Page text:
• Practice on the field – players are now allowed to bowl a ball to a fielder as a ‘loosener’, even if it bounces on the ground, as long as it does not waste time or is not being done to damage the ball.
In order to help fans, umpires and officials understand the reasoning behind the Law changes and how they will be implemented, MCC has put together an exhaustive document, which can be viewed on this site.

The previous (4th) Edition of the 2000 Code came into effect in October 2010 and has been in place up to today. The 5th Edition is now available to view on this website.

Queries and clarifications relating to the Laws of Cricket can be answered via This e-mail address is being protected from spambots. You need JavaScript enabled to view it . The MCC website is on http://www.lords.org/

Today's Laws

The Marylebone Cricket Club is the framer of the Laws of Cricket, the rules governing play of the game. The Laws are intended to apply to all two innings matches; the International Cricket Council has implemented "Standard Playing Conditions for Test Matches" and "Standard Playing Conditions for One Day Internationals" to augment the Laws of Cricket. Similarly, each cricketing country has implemented Playing Conditions to govern domestic cricket. Note that the Laws do not provide for One Day or Limited Overs cricket; these modifications have been made by the Playing Conditions for One Day Internationals.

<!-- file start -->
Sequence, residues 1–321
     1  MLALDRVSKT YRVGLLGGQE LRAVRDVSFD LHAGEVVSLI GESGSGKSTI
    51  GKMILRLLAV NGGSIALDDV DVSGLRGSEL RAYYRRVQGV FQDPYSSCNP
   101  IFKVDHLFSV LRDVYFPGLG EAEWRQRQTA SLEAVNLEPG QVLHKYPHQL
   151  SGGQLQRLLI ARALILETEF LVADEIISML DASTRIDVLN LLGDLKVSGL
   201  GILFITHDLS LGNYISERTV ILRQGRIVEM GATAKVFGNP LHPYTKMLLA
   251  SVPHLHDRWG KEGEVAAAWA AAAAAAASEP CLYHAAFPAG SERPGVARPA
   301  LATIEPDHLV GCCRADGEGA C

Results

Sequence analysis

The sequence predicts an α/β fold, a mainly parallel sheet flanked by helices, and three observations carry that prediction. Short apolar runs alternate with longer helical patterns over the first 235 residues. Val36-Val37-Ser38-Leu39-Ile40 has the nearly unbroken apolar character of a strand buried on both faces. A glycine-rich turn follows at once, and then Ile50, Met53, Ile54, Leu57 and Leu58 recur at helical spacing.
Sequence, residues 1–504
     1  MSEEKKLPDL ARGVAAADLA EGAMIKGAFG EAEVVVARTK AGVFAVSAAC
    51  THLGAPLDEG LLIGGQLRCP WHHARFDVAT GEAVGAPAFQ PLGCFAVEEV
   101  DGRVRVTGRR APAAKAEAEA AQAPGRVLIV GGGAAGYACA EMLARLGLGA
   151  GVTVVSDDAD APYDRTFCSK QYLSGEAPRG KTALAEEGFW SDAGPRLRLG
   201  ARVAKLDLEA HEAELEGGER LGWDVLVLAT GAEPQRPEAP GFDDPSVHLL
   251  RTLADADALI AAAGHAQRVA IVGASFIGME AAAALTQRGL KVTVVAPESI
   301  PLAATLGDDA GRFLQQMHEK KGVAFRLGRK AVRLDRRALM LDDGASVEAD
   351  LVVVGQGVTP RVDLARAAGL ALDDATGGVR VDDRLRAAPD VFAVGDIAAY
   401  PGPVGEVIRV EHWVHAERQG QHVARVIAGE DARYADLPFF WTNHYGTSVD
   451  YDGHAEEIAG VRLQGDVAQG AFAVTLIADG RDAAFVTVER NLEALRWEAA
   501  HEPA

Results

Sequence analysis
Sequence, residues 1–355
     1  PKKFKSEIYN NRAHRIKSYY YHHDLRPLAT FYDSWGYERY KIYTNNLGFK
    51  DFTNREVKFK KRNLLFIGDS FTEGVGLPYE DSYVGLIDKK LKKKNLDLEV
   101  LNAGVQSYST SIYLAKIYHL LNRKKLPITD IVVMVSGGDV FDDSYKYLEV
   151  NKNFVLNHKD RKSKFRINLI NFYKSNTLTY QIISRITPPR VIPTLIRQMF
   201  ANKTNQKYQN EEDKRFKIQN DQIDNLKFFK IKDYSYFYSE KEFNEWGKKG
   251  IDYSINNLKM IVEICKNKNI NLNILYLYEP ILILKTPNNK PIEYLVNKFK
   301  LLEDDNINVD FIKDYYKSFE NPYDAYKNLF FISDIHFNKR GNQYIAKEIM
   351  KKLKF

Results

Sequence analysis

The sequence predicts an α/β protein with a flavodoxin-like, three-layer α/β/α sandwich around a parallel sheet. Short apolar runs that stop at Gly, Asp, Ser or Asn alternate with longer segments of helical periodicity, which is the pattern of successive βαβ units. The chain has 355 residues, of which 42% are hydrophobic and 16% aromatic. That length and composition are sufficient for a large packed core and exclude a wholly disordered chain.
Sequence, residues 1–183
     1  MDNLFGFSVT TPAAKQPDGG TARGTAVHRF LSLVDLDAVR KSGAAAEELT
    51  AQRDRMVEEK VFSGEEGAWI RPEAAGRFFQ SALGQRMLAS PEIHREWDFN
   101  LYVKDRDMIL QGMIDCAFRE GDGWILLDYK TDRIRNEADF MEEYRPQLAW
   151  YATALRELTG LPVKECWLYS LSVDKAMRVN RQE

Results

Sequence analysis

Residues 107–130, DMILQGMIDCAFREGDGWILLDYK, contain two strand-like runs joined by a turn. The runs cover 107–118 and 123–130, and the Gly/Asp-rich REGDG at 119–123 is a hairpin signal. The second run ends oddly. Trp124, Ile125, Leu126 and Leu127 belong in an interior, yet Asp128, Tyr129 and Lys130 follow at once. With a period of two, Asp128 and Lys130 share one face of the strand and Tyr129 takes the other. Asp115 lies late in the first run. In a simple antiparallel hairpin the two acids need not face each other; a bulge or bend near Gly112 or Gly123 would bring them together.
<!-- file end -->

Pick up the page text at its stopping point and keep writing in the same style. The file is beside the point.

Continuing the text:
The Laws are organised into a Preface, a Preamble, forty-two Laws, and four appendices. The Preface relates to the Marylebone Cricket Club and the history of the Laws. The Preamble is a new addition and is related to "the Spirit of the Game;" it was introduced to discourage the increasing practices of ungentlemanly conduct.